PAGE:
What did the Indian man tell his fat wife clambering up a pole for safety in a Spanish bull ring with the beast charging at her? "Didn't I tell not to wear the red sari?"
Humour and art can create easy understandings of cultures and diverse geography. India and Spain on Saturday opened a humorous cultural dialogue with a mammoth exposition of cartoons and animation art by late noted Indian cartoonist Mario de Miranda and Spanish pioneer Ramon Gomez de la Serna.
The showcase with more than 100 cartoons coincides with the San Juan Day, the biggest summer party in Spain, at the Institutes de Cervantes in the capital. It is a collaboration between Instituto Cervantes, the Embassy of Spain, the Tourism Office of Spain and the ABC Museum.
Mario's caricature art illustrates a unique Indo-Spanish connection with Indian stereotypes and Spanish characters sharing space in one frame. In 2007, the Goa-based social cartoonist and illustration artist visited Spain. In his memoir, Mario recalls that, "one of the most exciting things was a grand tour through Spain, a lovely country steeped in romance and history".
"We visited some of the great cities of Spain like Madrid, Barcelona and Seville although we could not make it to Toledo, which I had visited in the past. It was an unforgettable experience to travel through the French countryside dotted with olives and orange trees, rich in art and history, with its museums, castles, fort and famous names".
Mario's experience of Spain creeps into his body of "Spanish" art with a section of humorous cartoons and documentary illustrations of Spanish architecture and cultural landmarks using his trademark layered animation technique.
The results are amazing. Mario puts Indian and Spanish musicians together in a joint orchestra with a portly Bharatanatyam dancer doing the Flamenco in the traditional style. Classical Hindustani vocalists sing "Sa Re Ga..." to the horror of the Spanish audience and a group of Indian musicians sweat over a western style Spanish orchestra. The cartoons comment on cultural assimilation - and the impressions Spain leaves on the Indian tourist.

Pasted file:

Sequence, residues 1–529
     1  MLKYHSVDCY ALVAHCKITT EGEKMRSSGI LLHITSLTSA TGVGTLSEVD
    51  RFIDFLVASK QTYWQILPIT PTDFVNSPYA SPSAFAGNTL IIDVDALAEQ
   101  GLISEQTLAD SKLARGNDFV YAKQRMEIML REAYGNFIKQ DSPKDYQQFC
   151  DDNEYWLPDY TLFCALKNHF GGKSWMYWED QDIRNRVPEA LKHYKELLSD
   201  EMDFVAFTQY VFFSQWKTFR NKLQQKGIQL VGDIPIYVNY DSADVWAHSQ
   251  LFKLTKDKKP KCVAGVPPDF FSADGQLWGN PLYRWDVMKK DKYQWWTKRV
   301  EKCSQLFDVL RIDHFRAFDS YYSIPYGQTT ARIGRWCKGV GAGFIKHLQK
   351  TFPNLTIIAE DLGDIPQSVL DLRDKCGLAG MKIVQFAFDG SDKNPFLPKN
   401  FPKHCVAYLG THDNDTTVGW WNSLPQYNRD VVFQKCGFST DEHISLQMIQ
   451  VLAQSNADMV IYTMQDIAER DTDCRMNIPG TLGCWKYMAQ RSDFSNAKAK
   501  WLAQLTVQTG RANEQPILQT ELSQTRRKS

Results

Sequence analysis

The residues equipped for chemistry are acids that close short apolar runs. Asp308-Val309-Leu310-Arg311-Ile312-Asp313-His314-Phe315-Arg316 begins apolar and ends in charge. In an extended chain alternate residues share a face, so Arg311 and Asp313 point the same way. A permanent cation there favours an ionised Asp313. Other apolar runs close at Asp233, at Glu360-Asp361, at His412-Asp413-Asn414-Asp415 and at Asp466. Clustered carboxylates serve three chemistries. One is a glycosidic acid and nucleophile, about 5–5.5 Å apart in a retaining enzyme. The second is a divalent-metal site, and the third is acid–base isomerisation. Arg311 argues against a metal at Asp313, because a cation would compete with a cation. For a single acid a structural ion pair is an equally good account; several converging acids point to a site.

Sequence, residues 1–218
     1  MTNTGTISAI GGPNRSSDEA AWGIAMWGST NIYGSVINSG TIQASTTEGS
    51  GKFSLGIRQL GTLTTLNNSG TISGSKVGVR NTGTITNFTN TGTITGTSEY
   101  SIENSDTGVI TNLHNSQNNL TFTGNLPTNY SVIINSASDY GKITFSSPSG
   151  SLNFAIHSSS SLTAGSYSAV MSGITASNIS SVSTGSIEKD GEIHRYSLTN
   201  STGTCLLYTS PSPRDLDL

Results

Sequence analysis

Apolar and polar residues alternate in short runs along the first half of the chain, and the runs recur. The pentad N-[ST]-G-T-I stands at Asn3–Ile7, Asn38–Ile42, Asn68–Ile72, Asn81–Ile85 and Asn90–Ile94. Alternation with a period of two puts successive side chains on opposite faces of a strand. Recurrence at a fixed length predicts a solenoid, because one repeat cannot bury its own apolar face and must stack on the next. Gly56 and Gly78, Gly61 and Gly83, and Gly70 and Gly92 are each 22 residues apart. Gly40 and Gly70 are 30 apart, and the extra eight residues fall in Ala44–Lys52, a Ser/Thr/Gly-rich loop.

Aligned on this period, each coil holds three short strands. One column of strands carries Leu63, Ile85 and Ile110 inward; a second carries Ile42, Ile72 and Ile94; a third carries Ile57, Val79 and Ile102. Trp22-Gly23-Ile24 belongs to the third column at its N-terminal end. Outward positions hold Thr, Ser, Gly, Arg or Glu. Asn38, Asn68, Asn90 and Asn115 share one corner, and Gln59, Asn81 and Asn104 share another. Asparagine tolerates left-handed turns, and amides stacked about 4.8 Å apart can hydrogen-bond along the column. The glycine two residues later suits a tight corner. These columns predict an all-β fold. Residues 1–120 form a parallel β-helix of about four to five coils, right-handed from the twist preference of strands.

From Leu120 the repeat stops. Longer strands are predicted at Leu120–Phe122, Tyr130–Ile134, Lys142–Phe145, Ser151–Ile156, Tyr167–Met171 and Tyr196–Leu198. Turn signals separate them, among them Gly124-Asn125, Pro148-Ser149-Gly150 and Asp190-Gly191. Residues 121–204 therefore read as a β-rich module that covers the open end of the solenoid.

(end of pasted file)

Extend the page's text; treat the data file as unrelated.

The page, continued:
The 1931 doodle drawings of Ramon Gomez De La, a friend of poet Octavio Paz and one of the country's celebrated artists, are simple, meditative and minimal in comparison to Mario's.
Ramon's sketches were reflections of a new Spanish world influenced by European vanguards and fractured by the imminent civil war. His cartoons ferreted out the contradictions of modern life with swift wit.
Inaugurating the exposition, political cartoonist Ajit Ninan said: "Cartoonists like Laxman and Mario stole the entire cartoon space in India. Mario was an intricately detailed cartoonist - and we are a land of details."
He said Mario had the advantage of being a social, political and international cartoonist. "He was the master of architectural layers," Ninan said.
Comparing history in the tradition of cartooning in India and the Latin American world, Ninan told IANS, "We are totally controlled by the English and American style of cartoons but the richest cartoons come from Latin America because they have no language. They are silent powerful illustrations." He said the natural talent of Indian cartoonists was drawing brisk animation trade to India.
The Institutes de Cervantes is talking to the Indian Council for Cultural Relations to carry showcase to Kolkata, Mumbai and other cities of the country.
"This is not a flash in the pan. Spain has declared India as one of its top foreign policy priorities. The king of Spain might come to India at the end of the year," a spokesperson for the Embassy of Spain said.